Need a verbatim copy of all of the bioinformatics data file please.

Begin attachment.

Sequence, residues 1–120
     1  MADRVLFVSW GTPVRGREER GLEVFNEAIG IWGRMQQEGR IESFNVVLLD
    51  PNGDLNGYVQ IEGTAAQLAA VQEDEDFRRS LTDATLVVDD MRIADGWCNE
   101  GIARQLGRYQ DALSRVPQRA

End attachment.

Sequence, residues 1–120
     1  MADRVLFVSW GTPVRGREER GLEVFNEAIG IWGRMQQEGR IESFNVVLLD
    51  PNGDLNGYVQ IEGTAAQLAA VQEDEDFRRS LTDATLVVDD MRIADGWCNE
   101  GIARQLGRYQ DALSRVPQRA